What about the zombie case? Well, it’s clear we can conceive of the notion of ‘an exact duplicate of a human being’, and, separately, of the notion of ‘lacking phenomenal experience’. Conjoining the two doesn’t lead to an obvious contradiction, like in the Goldblach case. But it is far from obvious, given our relative lack of knowledge of the relationship between the mind and the body, whether or not a contradiction lies waiting to be unearthed in the notion of zombie. Without further information on the nature of the brain, of mentality, and of the sorts of features we take to typify each, assent to (P1) should be withheld.

Featured image credit: ‘Scary Landscape Reflections’, by Leon Fishman. CC BY 2.0 via Flickr.

Recent Comments

  1. 'Trick Slattery

    Great job. My position on this philosophical “zombie” matter is similar if not identical:

    Philosophical Zombies? Inconceivable!

  2. Dr Andrea Christofidou

    It’s depressing to see Descartes being dragged into any view that anyone has about the mind and body. First, for Descartes, mind and body are *not* separate; they are really distinct — that is, they are metaphysically distinct kinds of entity. His argument for dualism is an argument for the Real Distinction between mind and body. “Real Distinction” does not mean actual separation, but only separability — a mere logical possibility of separateness.

    Secondly, for Descartes, conceiving is not the same as imagining. He clearly distinguishes between the two and defends the difference with good arguments. In contemporary discussions the two notions are too often run together without, it seems, any awareness of the difference between them.

    Thirdly, for Descartes, it is not our conception that makes something thus and so; rather, our conception is constrained by the nature or essence of the thing itself. That is, what we conceive clearly and distinctly is the nature or essence of the thing/entity in question.

    Fourthly, the nature or essence of body is extension, but for Descartes, the human body must have, in addition, “all the dispositions required to receive a mind […] to be strictly a human body […] indeed, [there is] a natural requirement […] of an appropriate positioning and arrangements of various parts”. [Letters to Regius December 1641, and January 1642, respectively.]

    Fifthly, the nature or essence of mind is thinking, in the broad sense — that is, consciousness. The mind has no parts, though it has faculties and modifications (i.e., individual mental states). Thoughts, feelings, pains, desires, hopes, fears, and so on, do not have shape, size, colour, smell, or taste. What it is to be a human being, a person, for Descartes, is to be a substantial union of the self/mind and the human body.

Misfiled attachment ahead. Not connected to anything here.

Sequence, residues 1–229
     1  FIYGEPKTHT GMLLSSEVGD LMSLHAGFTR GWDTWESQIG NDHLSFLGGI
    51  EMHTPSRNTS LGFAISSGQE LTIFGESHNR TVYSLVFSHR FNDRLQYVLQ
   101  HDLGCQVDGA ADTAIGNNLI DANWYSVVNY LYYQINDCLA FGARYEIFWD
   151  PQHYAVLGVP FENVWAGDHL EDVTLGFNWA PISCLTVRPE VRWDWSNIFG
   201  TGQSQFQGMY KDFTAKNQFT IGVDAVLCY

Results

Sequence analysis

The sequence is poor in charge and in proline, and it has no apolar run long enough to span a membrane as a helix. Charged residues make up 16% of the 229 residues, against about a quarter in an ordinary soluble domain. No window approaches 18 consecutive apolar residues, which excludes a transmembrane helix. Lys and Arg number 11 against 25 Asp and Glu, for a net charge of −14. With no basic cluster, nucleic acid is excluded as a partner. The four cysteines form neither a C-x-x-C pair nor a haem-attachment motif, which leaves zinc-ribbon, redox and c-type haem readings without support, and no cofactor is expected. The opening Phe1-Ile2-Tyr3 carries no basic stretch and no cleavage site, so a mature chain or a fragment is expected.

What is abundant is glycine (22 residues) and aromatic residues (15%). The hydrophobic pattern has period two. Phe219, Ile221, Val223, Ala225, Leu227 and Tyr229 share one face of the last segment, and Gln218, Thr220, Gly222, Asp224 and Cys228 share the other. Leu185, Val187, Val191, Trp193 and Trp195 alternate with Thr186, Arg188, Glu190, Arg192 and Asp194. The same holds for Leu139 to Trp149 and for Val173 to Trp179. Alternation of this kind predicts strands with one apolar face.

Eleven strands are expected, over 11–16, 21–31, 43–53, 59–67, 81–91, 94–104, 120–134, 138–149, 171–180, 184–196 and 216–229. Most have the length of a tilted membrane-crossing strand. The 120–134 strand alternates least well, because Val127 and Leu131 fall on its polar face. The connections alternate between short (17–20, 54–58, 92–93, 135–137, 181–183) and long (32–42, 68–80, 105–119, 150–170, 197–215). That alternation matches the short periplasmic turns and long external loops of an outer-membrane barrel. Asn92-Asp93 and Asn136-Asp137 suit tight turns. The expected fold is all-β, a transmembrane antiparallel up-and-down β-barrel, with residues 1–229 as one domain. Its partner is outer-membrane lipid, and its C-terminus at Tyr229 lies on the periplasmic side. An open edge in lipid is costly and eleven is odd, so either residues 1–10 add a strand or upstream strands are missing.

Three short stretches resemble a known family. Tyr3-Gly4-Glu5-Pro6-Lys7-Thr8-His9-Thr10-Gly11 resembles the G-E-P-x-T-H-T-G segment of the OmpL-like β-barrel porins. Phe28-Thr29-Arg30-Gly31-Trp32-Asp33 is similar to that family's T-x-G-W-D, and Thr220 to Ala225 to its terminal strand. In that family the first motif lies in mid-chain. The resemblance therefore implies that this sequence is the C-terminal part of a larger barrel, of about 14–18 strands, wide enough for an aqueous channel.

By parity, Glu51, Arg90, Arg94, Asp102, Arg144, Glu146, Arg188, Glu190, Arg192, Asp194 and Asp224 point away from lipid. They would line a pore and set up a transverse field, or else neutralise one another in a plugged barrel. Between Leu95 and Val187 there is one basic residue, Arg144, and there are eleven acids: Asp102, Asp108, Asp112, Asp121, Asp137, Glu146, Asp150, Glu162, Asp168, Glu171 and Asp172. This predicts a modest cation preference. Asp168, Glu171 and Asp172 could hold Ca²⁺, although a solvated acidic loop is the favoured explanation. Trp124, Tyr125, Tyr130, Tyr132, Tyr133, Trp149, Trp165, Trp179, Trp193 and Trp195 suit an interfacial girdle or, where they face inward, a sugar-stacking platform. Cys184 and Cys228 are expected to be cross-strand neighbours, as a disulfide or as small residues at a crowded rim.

Whether zombies are possible or not, has nothing to do with Descartes’ argument for dualism.

  3. Alex C

    Trick – thanks, glad you enjoyed it

    Andrea – thanks for reading and for taking the time to comment. I agree with much of what you say about Descartes, and I’m sure others will get a lot out of your comment too!

    My point was simply that there’s at least a family resemblance between Descartes a line of thought that comes up in the sixth meditation (that what man can conceive, God can actualise) and that at play in the zombie argument – both begin with an epistemic premise, strengthen this with something that links conceivability and genuine possibility, in service of drawing dualist conclusions. This line of thought may not be representative of the final, considered Cartesian opinion, but it’s present in the text.

    In the context of academic philosophy, you’re right of course about subtle distinctions between conception/imagination and separateness/distinctness – but in a short piece written to with a view to piquing the interest of a generalist audience, I think these terms can be treated as close to synonymous.

    Also, I think it’s a little unfair to suggest that in contemporary philosophy of mind little attention is paid to being precise about conceivability etc. – Chalmers for one has written plenty making clear different senses of conceivability and which of those he has in mind.

  4. Andrea

    Alex – thank you for your response, and I am pleased that you agree with much of what I say about Descartes. A few points to clarify:

    First, even if your article is meant for a general audience, it seems to me that it’s important to present crucial distinctions correctly (especially, given the misconceptions that are perpetuated even by professional philosophers). I guess we wouldn’t think that if a short piece is for a general audience, we can say that a right-angled triangle is synonymous with an isosceles triangle.

    Secondly, the argument in the Sixth Meditation is based “in an order corresponding to the actual truth of the matter”; it is an argument concerning the nature or essence of things. It is not an epistemological argument; arguments of that sort, found in the Second Meditation, are based “in an order corresponding to [the meditator’s] own perception” (see Preface to the Reader AT VII 8) and therefore the meditator does not derive any metaphysical conclusions from them – he is fully aware of such fallacies. Nor does he argue from doubt, or from ignorance but proceeds by making judgements only about things which are known to him (AT VII 27).

    Thirdly, as I said previously, for Descartes the direction of reasoning is from the nature or essence of things to our thought or conception. He argues that the mind is distinct from body, and distinct not by an abstraction of the intellect, but that it can be known as a distinct thing because it is in reality distinct.